Ironman Louisville – Sheila Leard

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Ironman Louisville Race Report – October 11, 2015

First off I can’t say enough about the support on every level that teammate Jen gave me. It fits with my dictum of ‘the best part of triathlon is meeting superb people’.

Coach Jon! This race came together because of Jon. We have worked together for 5 years. He has the ability to pull out of me a level of fitness that I could never do on my own. He got me to believe in the process, do the work, race with a solid plan and be mentally indestructible. His insight and data driven approach helped create training plans that were specific to my level of fitness.

Last year I told my friend Lynn I need to stop doing Ironman races. It’s hard on my body and very demanding. We talked about if I was ready to walk away and be content. My last Ironman was the snowy IM Lake Tahoe in 2013, which left me realizing that would be my last memory of the distance.  So combined with the fact I was aging up (getting harder to sharpen top end speed) and wanting to leave the distance with good feelings I signed up for Louisville. Yes, the thought of a potential Kona qualifier was there, but honestly, it was more important to me to have the “perfect race” and finish in the top five.  Ha! Does the perfect race exist?  Don’t we all chase it? How do you define the perfect race?


This race was moved from August to October because of the heat.  Lou is unique in that the swim start is a TT off two docks into the Ohio River.  We had to get in a long line – think 2700 athletes – sitting for 1.5 hours waiting to jump. Jen and I waited together along with super Sherpa, Tom (my hubby). Once we started moving it was fast! The music was blaring spectators screaming. Walking toward the docks Jen said ‘should we hold hands?’ I needed that because the adrenal was in my mouth. I turned to see Tom screaming and waving and then jumped. Not a bad experience. Water was 69 and murky. Contact was minimal. Sighting often was critical because I couldn’t see the feet in front to me. The first 1500 yards was against the current. Then we turned and was told the rest of the swim was with the current. Hard to say just how much it helped my usual slow swim pace. The swim exits up some stairs and then to the timing mat. I had a PR. Coach Jon was right – get in the pool and swim hard, don’t worry about long open water swims.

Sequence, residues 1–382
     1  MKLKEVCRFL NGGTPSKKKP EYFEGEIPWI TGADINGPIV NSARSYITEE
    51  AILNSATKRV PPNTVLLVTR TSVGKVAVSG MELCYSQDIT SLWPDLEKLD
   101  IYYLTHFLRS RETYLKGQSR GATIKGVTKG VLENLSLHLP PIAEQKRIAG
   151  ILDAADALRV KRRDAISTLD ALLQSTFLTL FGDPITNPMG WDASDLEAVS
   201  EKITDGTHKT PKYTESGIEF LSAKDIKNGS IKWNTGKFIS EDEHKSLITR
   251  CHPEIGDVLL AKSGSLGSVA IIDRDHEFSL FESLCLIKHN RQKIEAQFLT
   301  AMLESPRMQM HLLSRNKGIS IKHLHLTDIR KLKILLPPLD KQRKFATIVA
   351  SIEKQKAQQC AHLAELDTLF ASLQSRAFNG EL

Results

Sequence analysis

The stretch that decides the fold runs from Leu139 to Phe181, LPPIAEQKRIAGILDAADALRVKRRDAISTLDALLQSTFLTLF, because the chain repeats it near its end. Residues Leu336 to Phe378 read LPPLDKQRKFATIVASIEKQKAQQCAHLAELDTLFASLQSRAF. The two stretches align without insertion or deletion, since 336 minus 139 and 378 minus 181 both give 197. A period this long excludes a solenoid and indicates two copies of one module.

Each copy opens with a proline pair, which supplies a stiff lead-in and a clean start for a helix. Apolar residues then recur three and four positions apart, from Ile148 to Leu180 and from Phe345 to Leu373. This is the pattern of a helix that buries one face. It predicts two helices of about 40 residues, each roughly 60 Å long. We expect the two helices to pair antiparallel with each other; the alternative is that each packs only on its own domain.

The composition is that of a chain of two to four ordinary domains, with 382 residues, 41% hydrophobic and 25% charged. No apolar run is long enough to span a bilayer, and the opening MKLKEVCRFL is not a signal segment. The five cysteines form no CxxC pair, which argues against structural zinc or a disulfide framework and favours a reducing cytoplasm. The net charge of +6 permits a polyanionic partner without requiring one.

1:23:07 – 6th AG


It was a cool 50 degrees getting on the bike. So that I wouldn’t get too chilled I put a strip of bubble wrap under my jersey. I decided to suck it up and be chilled – forget the arm warmers and throw away gloves. The first 10 miles was very crowded!  Goal; don’t crash into swerving triathletes on bikes trying to eat. I took my first risk and let my watts drift up so I could get away from the mayhem and warm up.

Got on my nutrition. Passed a women in my age group. I wasn’t surprised to see an ambulance on the scene at mile 25.  I finally got into a rhythm with the rolling hills. Lots of shifting and keeping momentum up and over. Definitely a course for a rear disk. Felt good about staying on my targeted watts, fueling, hydrating, enjoying the gorgeous green hills and horses of Kentucky. Jen’s Husband, Dave, secured himself at a remote spot on the course which was immensely comforting. As I passed he shouted out “Tom said you are in third’. Nice that they were communicating!  But I always question how up to date the athlete tracker is.